Infographics have become widely popular over the past several years as a technique for quickly presenting concepts in a visual, memorable and easily sharable format. The explosion in the use of infographics has prompted some to claim that the medium has run its course. Unfortunately, a lot of bad graphics have saturated the Internet, as is bound to happen with a proliferation in popularity. However, just because some people do it poorly does not mean that no one should do it at all. Infographics remain a good visual communication tool that firms can use to connect with potential clients.
Eye-catching and sharable, infographics are a largely untapped visual marketing opportunity for attorneys.
Infographics and Trust
Much of marketing involves the process of building trust. Potential clients must trust that the story your firm is telling about itself – the promise you are making – will match the reality of their experience with you. They must trust you to solve the issues they need resolved. Trust is difficult to build and easy to destroy. A good infographic, whether it makes people laugh or think or see something in a new way, will help link that feeling with your firm. Emotional connections are much stronger than rational ones, no one makes purchasing or hiring decisions based on cold logic alone. Giving people useful material with which they connect emotionally can help build trust, which is a critical element in growing your client base.
The Elements of a Good Infographic
Good graphics have several things in common: they are educational, well-designed, have an easy to understand theme, and their look and feel is compatible with the organization releasing them. When creating your graphics remember these components:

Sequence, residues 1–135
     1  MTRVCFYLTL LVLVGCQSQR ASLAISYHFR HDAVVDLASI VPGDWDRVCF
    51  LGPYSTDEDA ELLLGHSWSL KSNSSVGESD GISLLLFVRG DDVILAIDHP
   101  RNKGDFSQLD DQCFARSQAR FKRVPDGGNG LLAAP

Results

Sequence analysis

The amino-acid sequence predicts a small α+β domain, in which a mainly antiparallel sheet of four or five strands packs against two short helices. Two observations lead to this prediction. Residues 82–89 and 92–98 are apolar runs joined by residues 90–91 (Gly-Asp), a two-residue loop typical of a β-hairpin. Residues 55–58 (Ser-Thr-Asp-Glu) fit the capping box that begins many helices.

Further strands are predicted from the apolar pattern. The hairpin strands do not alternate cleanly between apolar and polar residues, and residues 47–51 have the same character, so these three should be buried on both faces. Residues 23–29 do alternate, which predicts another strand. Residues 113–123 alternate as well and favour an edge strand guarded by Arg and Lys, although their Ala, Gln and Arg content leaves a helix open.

Take marketing out of the equation. The purpose of an infographic is to communicate information. While distributing infographics may have a positive marketing benefit, marketing language should not be involved in the creative process. Some companies have tried to jump on the infographic bandwagon by creating graphics with overt sales-speak and no real value. This muddles the main objectives: conveying ideas and fostering understanding of complex subjects. It also works to dismantle trust and harm your overall goals.
Keep style consistent with all communications. Make sure the design of your infographic matches the overall brand you have developed for your firm. If you are a serious firm specializing in high-stakes litigation, any graphics you produce should reflect that. Use good judgment when determining what tone is right for your firm.
Make form match function. Infographics must distill complicated data into an easy-to-understand visual. Think of how you want your infographic to function before delving into design. A pie chart or bar graph, for example, would be an inappropriate way to display information about the distribution of bankruptcies throughout a geographic area, but would work well to illustrate the percentage of Americans who file for certain types of bankruptcy.
Simplify. Long, over-complicated infographics can be overwhelming and cause viewers to lose interest. You want people to enjoy your infographics, find them helpful and share them. Try to limit yourself to 3-5 main points. Use no more than one or two dominant colors and pick supporting colors from those families. Do not over-design. Illustrations can make or break a graphic and must be easy to process. People are more likely to share things that are simple and to the point.
The Infographic Development Process: